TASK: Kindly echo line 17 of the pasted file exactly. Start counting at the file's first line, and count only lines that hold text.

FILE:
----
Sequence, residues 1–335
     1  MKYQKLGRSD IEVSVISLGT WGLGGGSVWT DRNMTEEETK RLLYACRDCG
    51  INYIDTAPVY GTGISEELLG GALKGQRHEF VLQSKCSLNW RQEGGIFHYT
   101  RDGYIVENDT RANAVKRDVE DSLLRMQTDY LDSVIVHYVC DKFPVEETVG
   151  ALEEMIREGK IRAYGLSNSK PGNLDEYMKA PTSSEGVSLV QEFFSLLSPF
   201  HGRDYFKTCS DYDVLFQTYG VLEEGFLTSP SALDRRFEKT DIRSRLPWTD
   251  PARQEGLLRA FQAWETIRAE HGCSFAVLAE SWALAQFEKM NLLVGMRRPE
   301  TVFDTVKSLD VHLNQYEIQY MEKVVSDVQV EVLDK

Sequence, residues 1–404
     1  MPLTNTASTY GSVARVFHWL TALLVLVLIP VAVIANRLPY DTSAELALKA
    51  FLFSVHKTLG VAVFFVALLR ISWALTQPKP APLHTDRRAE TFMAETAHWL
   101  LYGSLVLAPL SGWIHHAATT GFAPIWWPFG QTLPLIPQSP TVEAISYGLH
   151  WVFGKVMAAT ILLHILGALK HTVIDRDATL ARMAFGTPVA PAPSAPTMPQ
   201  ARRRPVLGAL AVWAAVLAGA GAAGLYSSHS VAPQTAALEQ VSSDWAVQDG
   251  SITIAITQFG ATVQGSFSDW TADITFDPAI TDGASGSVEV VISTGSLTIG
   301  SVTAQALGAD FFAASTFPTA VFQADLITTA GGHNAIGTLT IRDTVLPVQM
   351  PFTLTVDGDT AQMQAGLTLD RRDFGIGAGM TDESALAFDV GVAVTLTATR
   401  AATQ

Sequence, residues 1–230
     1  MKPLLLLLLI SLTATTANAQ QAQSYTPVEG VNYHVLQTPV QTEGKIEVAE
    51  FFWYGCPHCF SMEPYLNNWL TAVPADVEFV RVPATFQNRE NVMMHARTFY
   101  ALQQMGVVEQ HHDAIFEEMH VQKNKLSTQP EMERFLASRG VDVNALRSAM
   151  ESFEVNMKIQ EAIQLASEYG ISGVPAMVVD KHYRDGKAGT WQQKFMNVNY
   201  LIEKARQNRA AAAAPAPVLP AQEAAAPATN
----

   351  PFTLTVDGDT AQMQAGLTLD RRDFGIGAGM TDESALAFDV GVAVTLTATR